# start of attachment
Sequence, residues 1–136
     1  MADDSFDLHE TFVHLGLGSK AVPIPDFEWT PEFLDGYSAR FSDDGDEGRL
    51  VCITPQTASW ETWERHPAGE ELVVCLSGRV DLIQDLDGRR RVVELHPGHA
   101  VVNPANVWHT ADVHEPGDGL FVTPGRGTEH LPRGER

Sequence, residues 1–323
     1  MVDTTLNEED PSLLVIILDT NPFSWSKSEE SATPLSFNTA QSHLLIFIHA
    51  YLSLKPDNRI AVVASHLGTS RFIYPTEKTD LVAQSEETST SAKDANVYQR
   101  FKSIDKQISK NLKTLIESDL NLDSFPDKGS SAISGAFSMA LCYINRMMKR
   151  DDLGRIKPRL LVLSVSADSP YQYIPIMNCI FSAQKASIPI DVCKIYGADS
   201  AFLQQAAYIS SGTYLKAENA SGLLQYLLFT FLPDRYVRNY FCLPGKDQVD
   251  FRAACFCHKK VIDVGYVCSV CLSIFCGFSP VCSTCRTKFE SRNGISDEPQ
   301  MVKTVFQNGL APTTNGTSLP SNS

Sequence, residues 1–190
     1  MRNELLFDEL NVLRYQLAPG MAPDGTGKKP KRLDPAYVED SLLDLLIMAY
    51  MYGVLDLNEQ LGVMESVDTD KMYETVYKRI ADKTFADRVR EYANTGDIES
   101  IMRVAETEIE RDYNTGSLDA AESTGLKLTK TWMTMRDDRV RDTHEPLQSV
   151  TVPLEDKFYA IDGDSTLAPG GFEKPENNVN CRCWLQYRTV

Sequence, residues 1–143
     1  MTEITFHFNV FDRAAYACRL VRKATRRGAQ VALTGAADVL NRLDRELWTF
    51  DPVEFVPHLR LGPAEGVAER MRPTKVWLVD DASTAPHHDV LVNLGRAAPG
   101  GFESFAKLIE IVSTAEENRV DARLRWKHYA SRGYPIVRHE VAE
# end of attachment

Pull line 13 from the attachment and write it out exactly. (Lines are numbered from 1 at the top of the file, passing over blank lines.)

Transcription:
Sequence, residues 1–190